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Musicals

The triple-threat of music, dance and drama and another staple of the London theatre scene. There are plenty of musicals on the West End, but it’s the Off West End where you’ll find the new stuff, so don’t be afraid to jump in!

Summer Street, Waterloo East Theatre – Review

The posters displayed around the always welcoming lobby of Waterloo East Theatre ask the questions “Love Kylie? Love the 90s? Love Soap?”. The worrying thing is I can confidently state the answer is “no” to two of these questions; as for the 90s, I have vague recollections of them, usually of being in some dark dingy venue watching long forgotten bands. So even before taking my seat I was a little concerned I was not the shows target audience. Thankfully ...

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Operation Mincemeat, New Diorama – Review

An eccentric, joyful celebration of musical theatre, Operation Mincemeat adds to the fine British tradition of clever people doing silly things in the name of entertainment.  The fact its poster image seems to borrow Monty Python stylings is surely no coincidence. Make no mistake, members of Spitlip, the musical theatre collaborative that write and perform, are very, very clever people.  The high-quality word play in the show’s songs is honestly worth the ticket price alone. Of course, Hamilton comparisons are ...

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Amour, Charing Cross Theatre – Review

Having only lasted two weeks on Broadway in 2002 Amour has finally moved across the pond to try its luck closer to its French setting, with its London debut at the Charing Cross Theatre. Its hard to work out who to attribute blame to in this stoney production, but with moments of brightness it isn’t a completely wasted evening. Following bank clerk Dusoleil (Gary Tushaw), whose lonely existence is transformed by the ability to walk through walls, the story is ...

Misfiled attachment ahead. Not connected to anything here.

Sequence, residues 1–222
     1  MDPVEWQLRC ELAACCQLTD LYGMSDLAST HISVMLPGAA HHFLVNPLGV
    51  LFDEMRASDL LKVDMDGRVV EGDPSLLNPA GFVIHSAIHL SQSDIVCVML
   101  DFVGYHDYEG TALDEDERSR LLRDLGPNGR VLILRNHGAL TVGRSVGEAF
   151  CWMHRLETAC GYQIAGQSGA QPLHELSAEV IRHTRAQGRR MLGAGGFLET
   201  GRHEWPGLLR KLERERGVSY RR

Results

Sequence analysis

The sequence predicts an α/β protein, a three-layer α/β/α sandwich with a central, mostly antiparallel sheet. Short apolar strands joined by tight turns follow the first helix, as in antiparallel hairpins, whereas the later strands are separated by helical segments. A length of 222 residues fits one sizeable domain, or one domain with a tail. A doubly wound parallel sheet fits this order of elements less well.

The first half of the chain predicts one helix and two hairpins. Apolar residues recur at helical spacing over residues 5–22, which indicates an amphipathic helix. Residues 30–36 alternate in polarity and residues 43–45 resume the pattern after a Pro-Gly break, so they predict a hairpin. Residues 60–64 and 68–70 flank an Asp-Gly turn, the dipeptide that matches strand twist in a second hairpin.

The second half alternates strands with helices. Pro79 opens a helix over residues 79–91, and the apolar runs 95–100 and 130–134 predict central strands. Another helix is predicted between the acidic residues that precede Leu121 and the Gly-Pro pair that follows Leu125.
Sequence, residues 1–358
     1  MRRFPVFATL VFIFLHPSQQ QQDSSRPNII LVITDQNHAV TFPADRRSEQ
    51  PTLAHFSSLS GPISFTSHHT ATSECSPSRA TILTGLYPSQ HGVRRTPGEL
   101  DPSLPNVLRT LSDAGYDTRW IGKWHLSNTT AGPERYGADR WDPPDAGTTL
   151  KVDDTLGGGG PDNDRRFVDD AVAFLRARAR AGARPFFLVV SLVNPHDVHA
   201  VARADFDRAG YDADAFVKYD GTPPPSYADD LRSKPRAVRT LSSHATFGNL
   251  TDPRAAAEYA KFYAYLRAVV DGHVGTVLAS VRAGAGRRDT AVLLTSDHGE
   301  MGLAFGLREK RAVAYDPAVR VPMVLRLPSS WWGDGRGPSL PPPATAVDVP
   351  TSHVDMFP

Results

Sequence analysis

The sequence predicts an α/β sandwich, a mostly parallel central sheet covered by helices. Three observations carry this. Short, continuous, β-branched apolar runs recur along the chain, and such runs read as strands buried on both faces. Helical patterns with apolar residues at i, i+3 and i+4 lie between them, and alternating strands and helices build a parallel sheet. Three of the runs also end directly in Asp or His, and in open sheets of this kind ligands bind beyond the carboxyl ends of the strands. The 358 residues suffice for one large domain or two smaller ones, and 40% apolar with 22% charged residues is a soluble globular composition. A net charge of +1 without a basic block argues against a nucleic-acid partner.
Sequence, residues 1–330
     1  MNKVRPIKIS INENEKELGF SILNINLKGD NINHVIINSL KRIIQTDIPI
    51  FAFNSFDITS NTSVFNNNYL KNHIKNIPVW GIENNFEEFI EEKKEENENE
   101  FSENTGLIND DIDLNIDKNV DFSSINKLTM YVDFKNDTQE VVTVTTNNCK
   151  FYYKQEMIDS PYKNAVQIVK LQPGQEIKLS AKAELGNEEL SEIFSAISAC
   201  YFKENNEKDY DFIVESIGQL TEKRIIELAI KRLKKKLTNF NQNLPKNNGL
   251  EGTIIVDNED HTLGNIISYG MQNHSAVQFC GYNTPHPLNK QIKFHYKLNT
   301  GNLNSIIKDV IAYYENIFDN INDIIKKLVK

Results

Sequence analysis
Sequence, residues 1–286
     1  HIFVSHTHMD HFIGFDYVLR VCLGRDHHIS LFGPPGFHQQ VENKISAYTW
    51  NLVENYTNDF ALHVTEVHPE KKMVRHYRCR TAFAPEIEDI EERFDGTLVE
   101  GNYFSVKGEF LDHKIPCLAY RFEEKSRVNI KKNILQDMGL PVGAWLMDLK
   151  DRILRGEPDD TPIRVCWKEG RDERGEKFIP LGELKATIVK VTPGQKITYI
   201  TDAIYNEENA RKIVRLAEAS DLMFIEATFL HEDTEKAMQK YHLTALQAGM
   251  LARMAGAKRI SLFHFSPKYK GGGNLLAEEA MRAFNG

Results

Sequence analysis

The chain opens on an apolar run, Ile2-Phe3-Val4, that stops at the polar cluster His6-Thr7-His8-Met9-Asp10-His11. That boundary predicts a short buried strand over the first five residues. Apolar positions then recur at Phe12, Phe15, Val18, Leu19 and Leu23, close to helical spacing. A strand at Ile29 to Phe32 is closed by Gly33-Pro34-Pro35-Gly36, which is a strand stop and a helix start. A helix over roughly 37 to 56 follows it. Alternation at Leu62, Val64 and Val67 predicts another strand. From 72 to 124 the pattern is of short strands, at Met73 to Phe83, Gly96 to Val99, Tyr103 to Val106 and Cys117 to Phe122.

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Twelfth Night, Rose Playhouse – Review

OVO Theatre’s Twelfth Night opens with Viola and Sebastian performing their dance double-act on a cruise ship. This scene sets up many of the themes and problems that continue throughout the show. These include raucous humour that’s like jazz hands tirelessly shaking for 95 minutes, with the plot being used as a means of taking a step towards the next laugh, the next spectacular event of debauchery. Also a lack of consistent focus; seemingly clever suggestions that subtly reveal some ...

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Better Than Sex: The Story of Mae West, Toulouse Lautrec – Review

Emily Hutt’s tell-all cabaret on the 1930’s limelight icon Mae West follows almost pedantically the chronology of her life events, to the detriment of a sought-after dramatic climax. West – embodied by the talented Bella Bevan – takes centre stage with the accompaniment of pianist Kieran Stallard, and alternates tales from her past with some of her most recognisable songs. A promising opening scene involves some of the biting one-liners that made the artist famous, smattered with sexual innuendos and ...

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Queen of the Mist, Jack Studio Theatre – Review

On the cusp of the 20th century, Anna Edson Taylor hit the headlines as the first woman to descend the Niagara Falls and survive. Trained as a physical education teacher and widowed soon after marriage, she found herself heavily indebted and resorted to the daring deed as a way to escape poverty, with a promise for future fame and recognition. Already attempted unsuccessfully by several men and women, her ride was negotiated inside a bespoke pickle barrel, made of oak ...

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Little Miss Sunshine, Arcola Theatre – Review

It’s tricky to keep preconceptions at bay when you know that the plot and style of a film has been a winning combination. The 2006 film that is the basis of Little Miss Sunshine, which starred Abigail Breslin as the determined young pageant contestant, Olive, was adorned with awards. The epic plight of the Hoover family on their 500-mile journey to get Olive to her pageant in time shaped its legacy: an audacious comedy that portrayed a joyful, and moving, ...

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